Worthy of upgrades based on earlier work:
Play-by-Play: Brad Nessler – steady, doesn’t yak too much. Late in Houston-Michigan game, Brad pointed out that the Cougars weren’t guarding the Michigan inbound man in backcourt. It was an astute observation. Not doing so enabled an unguarded long pass and a crucial Michigan three pointer. Spero Dedes – talks in measured intervals. He also has a good feel for the game.
Color: Steve Lappas– produces a nice mix of strategies, insights and emotions without being too complicated. Steve Smith and Len Elmore – two smart and personable fellows – help viewers understand the game.
Bill Raftery: When officials agonized forever over an out of bounds replay in overtime of the Duke-Kansas regional final, Nantz, Hill and Raf’s patience started running thin. Nantz said: “At this point, I’d like any call.” Raf responded, “I’d like a call before last call!”
John Thompson was the best of the group’s color commentators. The frank ex-coach speaks his mind without stepping on the play-by-play announcer. Color commentators more often than not are extraneous on radio and share little of consequence. It’s a play-by-play medium. Fans searching for depth assessments are likely watching the telecast. Coach Thompson understands his role, picks his spots and makes it work. Instead of focusing on each play, he assesses flows. Such broader summarizations are a lot easier to digest on radio. Kelly Tripucka was a radio play-by-player’s nightmare, talking through and over plays. It made his broadcasts tough to follow.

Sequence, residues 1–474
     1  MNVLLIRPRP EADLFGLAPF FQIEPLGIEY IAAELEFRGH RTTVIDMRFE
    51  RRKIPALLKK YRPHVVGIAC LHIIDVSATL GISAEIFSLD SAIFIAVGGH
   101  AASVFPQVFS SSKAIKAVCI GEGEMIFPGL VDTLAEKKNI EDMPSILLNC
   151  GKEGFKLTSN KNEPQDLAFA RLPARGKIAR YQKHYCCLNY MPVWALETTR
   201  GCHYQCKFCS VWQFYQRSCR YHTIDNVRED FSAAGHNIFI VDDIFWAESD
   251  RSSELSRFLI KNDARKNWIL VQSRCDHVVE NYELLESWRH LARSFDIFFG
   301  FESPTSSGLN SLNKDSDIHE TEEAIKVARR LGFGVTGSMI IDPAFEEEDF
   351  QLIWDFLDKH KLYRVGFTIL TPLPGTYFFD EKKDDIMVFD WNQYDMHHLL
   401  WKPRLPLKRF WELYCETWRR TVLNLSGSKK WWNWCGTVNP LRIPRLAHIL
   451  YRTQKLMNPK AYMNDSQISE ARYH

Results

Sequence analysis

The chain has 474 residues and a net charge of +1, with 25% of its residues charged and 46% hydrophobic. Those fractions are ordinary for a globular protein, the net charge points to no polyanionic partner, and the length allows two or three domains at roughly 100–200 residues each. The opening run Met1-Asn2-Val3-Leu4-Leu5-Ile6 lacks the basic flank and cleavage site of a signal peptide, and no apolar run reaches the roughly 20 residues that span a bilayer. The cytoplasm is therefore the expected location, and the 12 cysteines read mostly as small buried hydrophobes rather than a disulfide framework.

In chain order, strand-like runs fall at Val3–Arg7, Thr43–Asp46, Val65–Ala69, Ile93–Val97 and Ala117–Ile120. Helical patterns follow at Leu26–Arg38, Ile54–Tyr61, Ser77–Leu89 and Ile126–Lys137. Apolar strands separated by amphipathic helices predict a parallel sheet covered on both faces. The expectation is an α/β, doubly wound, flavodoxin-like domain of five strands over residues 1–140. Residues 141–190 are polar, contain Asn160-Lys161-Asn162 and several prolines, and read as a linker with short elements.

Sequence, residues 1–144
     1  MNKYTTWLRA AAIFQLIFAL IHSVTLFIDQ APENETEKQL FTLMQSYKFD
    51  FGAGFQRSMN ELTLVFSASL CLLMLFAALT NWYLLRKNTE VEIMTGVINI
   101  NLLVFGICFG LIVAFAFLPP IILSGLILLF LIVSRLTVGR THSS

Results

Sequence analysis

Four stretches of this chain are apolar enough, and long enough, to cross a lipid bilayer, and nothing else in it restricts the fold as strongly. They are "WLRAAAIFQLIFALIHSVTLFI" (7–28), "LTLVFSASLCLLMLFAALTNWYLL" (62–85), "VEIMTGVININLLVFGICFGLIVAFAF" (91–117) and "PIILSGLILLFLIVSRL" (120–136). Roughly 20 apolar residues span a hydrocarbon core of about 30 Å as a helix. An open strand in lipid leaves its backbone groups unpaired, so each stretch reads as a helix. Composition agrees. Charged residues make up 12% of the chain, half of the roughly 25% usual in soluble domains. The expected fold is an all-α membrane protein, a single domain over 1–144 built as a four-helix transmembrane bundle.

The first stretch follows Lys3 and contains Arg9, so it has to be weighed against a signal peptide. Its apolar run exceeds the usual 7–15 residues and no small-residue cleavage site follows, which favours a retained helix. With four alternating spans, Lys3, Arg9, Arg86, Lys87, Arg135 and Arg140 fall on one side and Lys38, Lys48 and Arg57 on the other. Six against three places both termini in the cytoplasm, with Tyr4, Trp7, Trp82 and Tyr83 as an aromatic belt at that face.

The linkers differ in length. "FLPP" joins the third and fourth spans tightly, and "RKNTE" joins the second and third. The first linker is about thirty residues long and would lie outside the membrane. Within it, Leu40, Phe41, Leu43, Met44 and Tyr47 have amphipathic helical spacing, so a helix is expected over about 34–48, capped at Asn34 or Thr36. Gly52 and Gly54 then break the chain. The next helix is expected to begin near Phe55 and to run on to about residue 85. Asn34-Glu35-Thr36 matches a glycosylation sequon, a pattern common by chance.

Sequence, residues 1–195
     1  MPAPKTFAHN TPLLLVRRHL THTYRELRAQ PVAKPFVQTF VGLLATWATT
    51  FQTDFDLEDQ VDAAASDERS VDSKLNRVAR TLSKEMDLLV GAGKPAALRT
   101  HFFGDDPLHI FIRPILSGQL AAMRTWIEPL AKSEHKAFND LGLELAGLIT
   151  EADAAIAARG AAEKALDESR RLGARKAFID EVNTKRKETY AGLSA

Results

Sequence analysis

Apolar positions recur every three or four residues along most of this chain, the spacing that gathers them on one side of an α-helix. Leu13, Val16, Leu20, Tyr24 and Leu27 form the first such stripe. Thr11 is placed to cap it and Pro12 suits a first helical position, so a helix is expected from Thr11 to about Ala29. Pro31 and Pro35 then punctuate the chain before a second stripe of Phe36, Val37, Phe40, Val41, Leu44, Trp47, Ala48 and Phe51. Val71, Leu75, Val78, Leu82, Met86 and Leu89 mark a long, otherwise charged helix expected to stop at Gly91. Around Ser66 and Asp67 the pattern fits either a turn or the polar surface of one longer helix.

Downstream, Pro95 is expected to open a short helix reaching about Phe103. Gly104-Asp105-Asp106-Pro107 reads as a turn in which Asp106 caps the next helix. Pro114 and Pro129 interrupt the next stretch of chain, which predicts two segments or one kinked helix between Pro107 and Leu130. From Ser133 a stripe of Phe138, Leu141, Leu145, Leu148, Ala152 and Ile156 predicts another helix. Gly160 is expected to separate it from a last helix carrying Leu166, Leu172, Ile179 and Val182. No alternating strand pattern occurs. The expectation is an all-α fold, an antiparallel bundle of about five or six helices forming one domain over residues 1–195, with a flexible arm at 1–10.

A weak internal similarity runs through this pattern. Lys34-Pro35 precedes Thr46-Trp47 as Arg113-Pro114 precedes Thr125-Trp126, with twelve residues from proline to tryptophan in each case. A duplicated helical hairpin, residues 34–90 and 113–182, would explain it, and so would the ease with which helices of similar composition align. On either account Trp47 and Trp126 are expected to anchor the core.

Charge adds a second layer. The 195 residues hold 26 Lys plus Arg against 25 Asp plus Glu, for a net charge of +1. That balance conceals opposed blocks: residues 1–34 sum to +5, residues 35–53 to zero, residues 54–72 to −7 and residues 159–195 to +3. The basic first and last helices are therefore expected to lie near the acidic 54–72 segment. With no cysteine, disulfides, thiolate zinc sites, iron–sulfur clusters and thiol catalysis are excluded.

The play-by-play announcers were generally solid at connecting the dots. It ended there.
Starting with the early rounds, many of the announcers didn’t recognize that on a national broadcast, few if any listeners know NCAA teams’ rosters. In other words, using names alone are useless. To that point, the team with the ball should be identified on each possession, not just players’ names. This is radio!
Too often, I found myself guessing which team had the ball. Listening to newcomer Ryan Radtke who was otherwise superb was occasionally frustrating for this very reason. He and other announcers always had the names of players scoring, rebounding or picking up a foul but would not identify their teams. Listening to him on the DII title game was exasperating. How would any listener know the roster of Ferris State? Teams and names on national college radio are critical.
A number of the play callers were also hard on the ears; screaming themselves weak for long stretches or to underscore inconsequential buckets. Disappointingly, this included lead play-by-play broadcaster Kevin Kugler.
More on the radio broadcasts from broadcast aficionado Barry Kipnis:
I am not thoroughly “invested” in the brackets and haven’t been following each team that closely, so maybe it’s only me that didn’t know what “UMBC” stood for. I happened to tune in the WFAN during the last 3 1/2 minutes of their game versus Virginia. Kevin Kugler was very enthusiastic as you would expect but I never once heard him say “The University of Maryland at Baltimore County.” It was just either “UMBC” or “The Retrievers.” It wasn’t until I watched the TV replays later that I learned the name of the college.